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Last month in Redwood City, California, Officer Art Montiel of the California Highway Patrol noticed something odd. He saw a car speeding down Highway 101 at 70 miles per hour around 3:40 in the morning and the driver appeared to be asleep.  He turned on his lights and sirens, but the car did not slow down.  Fortunately, the offending vehicle was a Tesla Model S with autopilot. (While not yet fully autonomous vehicle, the Tesla cars equipped with Enhanced Autopilot software can stay in a traffic lane, maintain their speed, and even slow down or stop when cars, pedestrians, or other obstacles are detected ahead of it. ) The officer radioed for backup and closed the highway behind the errant car.  He then pulled ahead of it and slowly reduced his speed. The car behaved as programmed and slowed as well. Eventually, Officer Montiel was able to get the car to stop. The officer later said it took a while to wake the driver. Imagine going for a drive then waking up on the highway with a police officer banging on your window.  The driver, a local government official, was arrested for DUI and is now free on bail, pending trial.

Another story involving a car on autopilot did not end as safely. In Williston, Florida, Navy veteran Joshua Brown had his Tesla Model S on Autopilot. A semi-truck was making a turn across a divided highway when the Model S crashed into it.  Neither the autopilot system nor the driver saw the white truck against the bright summer sky. The Model S drove right under the trailer, shearing off the top of the Tesla and killing the driver.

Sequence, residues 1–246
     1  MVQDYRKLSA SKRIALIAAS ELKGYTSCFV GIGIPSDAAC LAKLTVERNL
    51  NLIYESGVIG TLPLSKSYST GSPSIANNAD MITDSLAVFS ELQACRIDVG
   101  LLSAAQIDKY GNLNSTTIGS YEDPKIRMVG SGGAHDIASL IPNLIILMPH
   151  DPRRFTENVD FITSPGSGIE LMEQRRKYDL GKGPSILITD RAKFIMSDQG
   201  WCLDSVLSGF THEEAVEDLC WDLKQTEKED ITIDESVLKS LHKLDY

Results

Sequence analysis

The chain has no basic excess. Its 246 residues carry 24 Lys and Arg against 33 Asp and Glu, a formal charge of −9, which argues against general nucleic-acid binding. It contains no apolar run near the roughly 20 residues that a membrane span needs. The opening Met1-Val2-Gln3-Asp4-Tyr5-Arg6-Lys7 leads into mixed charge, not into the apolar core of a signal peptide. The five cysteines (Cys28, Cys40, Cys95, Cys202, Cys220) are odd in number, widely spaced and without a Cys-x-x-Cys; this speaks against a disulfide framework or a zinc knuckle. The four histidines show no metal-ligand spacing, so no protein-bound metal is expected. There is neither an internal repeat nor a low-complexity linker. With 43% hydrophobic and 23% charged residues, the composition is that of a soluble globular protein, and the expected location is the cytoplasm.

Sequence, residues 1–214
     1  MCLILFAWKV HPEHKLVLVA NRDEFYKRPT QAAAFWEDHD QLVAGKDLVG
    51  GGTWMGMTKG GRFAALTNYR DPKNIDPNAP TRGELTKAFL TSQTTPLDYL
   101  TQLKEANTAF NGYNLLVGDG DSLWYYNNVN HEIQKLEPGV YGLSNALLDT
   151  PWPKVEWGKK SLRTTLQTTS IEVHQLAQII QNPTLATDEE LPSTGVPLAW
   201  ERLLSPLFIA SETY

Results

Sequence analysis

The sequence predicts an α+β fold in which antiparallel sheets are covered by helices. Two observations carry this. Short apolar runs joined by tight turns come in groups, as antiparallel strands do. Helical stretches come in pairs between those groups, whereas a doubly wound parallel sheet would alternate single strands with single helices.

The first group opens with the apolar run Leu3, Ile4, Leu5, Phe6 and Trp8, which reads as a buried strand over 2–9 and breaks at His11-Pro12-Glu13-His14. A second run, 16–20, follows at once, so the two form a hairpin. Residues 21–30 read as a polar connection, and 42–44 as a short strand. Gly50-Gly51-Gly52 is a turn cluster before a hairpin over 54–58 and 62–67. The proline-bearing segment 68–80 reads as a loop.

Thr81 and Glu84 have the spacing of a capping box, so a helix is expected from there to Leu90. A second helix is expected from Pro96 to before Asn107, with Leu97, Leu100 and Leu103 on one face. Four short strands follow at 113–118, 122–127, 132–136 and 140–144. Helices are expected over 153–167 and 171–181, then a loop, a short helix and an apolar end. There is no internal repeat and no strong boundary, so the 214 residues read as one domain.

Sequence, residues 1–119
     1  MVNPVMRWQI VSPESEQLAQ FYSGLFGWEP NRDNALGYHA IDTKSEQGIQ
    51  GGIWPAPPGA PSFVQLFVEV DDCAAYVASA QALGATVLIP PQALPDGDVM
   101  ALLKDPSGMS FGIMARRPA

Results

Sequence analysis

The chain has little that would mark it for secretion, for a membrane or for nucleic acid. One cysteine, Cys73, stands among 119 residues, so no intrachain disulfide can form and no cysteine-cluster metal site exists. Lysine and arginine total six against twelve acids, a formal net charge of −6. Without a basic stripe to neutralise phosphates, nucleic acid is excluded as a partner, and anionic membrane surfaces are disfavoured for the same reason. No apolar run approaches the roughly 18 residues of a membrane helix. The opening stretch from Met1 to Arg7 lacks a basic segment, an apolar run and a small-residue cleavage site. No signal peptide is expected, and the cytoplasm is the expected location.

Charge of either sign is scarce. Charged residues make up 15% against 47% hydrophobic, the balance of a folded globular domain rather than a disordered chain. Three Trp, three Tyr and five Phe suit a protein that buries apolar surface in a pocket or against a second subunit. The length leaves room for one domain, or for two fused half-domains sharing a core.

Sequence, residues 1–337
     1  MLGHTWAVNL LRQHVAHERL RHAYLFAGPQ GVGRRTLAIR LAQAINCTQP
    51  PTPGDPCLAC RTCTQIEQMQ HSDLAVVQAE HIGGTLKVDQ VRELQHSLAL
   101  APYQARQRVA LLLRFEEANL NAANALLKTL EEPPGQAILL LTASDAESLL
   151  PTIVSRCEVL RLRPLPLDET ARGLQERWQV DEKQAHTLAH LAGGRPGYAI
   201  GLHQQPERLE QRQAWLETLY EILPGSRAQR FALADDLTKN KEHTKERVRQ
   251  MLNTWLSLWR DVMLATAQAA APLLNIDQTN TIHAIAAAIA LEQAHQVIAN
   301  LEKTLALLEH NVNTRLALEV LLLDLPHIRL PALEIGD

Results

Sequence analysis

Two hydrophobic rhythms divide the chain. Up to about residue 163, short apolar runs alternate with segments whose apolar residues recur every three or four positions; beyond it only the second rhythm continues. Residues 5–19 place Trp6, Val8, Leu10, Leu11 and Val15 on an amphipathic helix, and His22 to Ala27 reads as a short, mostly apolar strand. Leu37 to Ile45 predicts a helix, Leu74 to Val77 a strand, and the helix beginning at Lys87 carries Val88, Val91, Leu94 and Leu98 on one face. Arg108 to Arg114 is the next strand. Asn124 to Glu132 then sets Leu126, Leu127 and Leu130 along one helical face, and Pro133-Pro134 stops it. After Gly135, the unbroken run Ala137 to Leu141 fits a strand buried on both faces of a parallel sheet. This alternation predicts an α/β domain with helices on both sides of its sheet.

Uber was conducting a test drive of their autonomous software when  the car struck and killed a woman on a street in Tempe, Arizona.  In this case, there was an emergency backup driver behind the wheel; however, she was watching a TV show on her phone instead of keeping her eyes on the road.  Although internal cameras documented more than 200 times when she looked away from the road, she denies that she used her phone before calling 911 to report the crash.

In 2014, California enacted regulations to require reporting of every incident involving an autonomous vehicle. Since that time in that state alone there have been 104 such collisions. Forty-nine of those occurred in 2018.  Most of these were ruled to be due to human error.  A majority of those involved the test car being hit from behind while stopped at a red light, including one by a bicycle.  With millions of miles logged in test drives to date, that actually reflects a very low overall percentage.  Autonomous cars are getting smarter, better, and safer.  Tesla already operates driverless trucks on some highways.  It will not be long before taxi drivers go the way of elevator operators.

I was thinking about that driver sleeping behind the wheel and how the cop saved him.  How many of us get into our routines and go on autopilot?  How many times do we wake up at Aleinu at the end of davening and would be hard-pressed to confirm that we carefully said all of the words in the prayers?  Will we wake up after a forty-year career in the workforce and wonder what happened to all of the time?  Did we make wise, engaged choices about how to spend our days?  Did we “kill” ourselves at work, only to miss out on our children growing up? Sure, we have to make a living, but at what cost are all of the extras?

As I watch my grandkids learning their first words and reaching new milestones, I am reminded of sacrifices I had to make to earn a paycheck. Would I go back and do anything differently if I had the chance? What advice would I give my own kids now if they were to ask me?

There are no time machines and no do-overs in this life. The time to review our priorities and make sure we are focusing on what is truly important is right now, today, in this very moment.

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